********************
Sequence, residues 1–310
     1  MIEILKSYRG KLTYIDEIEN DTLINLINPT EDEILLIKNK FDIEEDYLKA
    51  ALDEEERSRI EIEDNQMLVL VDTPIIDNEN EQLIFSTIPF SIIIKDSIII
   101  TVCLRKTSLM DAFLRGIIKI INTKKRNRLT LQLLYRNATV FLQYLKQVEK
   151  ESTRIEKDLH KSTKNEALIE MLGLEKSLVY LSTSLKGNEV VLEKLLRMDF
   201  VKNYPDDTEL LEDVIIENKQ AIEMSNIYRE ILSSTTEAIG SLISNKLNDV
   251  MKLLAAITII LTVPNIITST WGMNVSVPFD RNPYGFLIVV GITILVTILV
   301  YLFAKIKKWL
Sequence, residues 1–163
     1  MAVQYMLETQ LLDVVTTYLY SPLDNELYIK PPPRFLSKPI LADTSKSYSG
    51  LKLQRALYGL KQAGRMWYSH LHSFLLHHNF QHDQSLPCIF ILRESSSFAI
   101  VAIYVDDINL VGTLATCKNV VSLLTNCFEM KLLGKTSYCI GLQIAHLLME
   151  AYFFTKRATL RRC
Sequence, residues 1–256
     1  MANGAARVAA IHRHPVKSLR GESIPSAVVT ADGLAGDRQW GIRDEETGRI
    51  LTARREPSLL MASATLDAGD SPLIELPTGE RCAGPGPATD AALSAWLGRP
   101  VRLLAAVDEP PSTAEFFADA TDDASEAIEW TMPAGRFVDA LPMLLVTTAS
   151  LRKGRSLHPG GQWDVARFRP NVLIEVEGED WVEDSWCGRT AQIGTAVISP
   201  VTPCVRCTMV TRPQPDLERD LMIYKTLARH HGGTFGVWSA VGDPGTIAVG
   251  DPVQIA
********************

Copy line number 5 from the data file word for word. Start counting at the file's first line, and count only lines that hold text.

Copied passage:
   151  ESTRIEKDLH KSTKNEALIE MLGLEKSLVY LSTSLKGNEV VLEKLLRMDF